LONDON: British industrial output rebounded in November, helped by a recovery in oil and gas, adding to signs that the economy kept its momentum in late 2016 despite June's shock Brexit vote.
But Britain's trade performance deteriorated on the month, as a record value of goods imports outweighed exports which also hit an all-time high, showing the pound's drop since the referendum has yet to improve Britain's balance of trade.
The Office for National Statistics said on Wednesday that industrial output rose 2.1 percent in November alone, recovering from a 1.1 percent drop in October and beating expectations for a 0.8 percent jump in a Reuters poll of economists. Sterling tipped below $1.21 for the first time since Oct. 25 despite the strong data, as markets continued to worry that Britain will end up with a poor deal after its divorce from the European Union. [GBP/]
Separate figures from the ONS showed Britain's goods trade deficit with the rest of the world widened to 12.2 billion pounds ($14.8 billion) in November, bigger than all forecasts in the poll.
The resilience of Britain's economy since June's decision to leave the EU has been due almost entirely to the country's services sector, with industrial output broadly flat over the last few months.
"So far the pace of activity has held up well since June's EU referendum," said Philip Shaw, economist at Investec. "But as yet there seems to be little or no response from the volume of exports to sterling's 15 percent trade weighted depreciation over the past 12 months."
The large increase in industrial output in November largely reflected the reopening of the Buzzard oilfield in the North Sea - responsible for around a tenth of Britain's oil output - and an increase in pharmaceuticals production, which is volatile.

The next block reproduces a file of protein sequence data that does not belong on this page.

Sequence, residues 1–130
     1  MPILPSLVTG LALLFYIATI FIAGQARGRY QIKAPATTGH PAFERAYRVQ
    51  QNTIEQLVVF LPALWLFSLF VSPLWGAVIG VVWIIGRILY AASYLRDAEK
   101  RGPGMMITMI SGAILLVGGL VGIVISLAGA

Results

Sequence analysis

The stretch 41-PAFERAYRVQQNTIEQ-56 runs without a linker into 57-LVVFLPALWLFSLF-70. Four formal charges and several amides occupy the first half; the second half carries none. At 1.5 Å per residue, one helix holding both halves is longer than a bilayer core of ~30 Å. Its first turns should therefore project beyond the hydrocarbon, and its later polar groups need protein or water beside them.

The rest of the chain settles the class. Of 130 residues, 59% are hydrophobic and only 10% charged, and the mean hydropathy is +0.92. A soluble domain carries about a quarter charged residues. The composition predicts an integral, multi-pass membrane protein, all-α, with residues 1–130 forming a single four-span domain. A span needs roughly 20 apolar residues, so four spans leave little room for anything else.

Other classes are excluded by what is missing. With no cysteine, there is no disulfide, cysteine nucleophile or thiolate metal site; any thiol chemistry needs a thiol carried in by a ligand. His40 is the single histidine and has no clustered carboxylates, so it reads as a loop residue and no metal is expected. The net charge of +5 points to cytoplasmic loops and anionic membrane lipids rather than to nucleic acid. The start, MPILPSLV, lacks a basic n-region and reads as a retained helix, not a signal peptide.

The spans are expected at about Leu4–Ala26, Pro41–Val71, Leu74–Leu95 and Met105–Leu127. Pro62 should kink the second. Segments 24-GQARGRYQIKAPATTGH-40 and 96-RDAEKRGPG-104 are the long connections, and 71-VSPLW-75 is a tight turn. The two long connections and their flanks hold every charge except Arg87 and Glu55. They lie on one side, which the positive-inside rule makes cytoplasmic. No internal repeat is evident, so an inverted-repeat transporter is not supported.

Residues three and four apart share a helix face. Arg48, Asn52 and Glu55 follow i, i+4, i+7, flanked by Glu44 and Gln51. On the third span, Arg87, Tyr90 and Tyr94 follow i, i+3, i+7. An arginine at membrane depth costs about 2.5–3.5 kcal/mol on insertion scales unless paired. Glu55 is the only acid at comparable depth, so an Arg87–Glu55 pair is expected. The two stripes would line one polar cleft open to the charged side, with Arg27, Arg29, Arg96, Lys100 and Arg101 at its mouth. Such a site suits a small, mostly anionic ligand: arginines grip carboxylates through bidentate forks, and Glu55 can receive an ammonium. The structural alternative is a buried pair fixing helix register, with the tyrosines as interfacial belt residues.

Output in manufacturing rose 1.3 percent following a 1.0 percent contraction in October, compared with a forecast for a 0.5 percent increase in a Reuters poll.
Wednesday's figures may suggest that British economic growth is starting to become better balanced, said Paul Hollingsworth, UK economist at Capital Economics.
He cited volumes of exports and imports rising 1.1 percent and 1.8 percent respectively in the three months to November. Figures for the three months to October had previously shown falling exports and a rise in imports.
In November alone, the value of goods exports increased to 27.0 billion pounds, but imports also hit an all-time high of nearly 39.2 billion pounds, with both figures boosted by sterling's fall that has started to fuel inflation. Britain's trade deficit with the EU widened to a record 8.586 billion pounds.
Supporters of Britain's exit from the EU have said the size of the deficit strengthens the country's hand in the upcoming Brexit negotiations with the rest of the bloc. The ONS also released figures for construction output in November, which fell 0.2 percent on the month and rose by 1.5 percent on the year.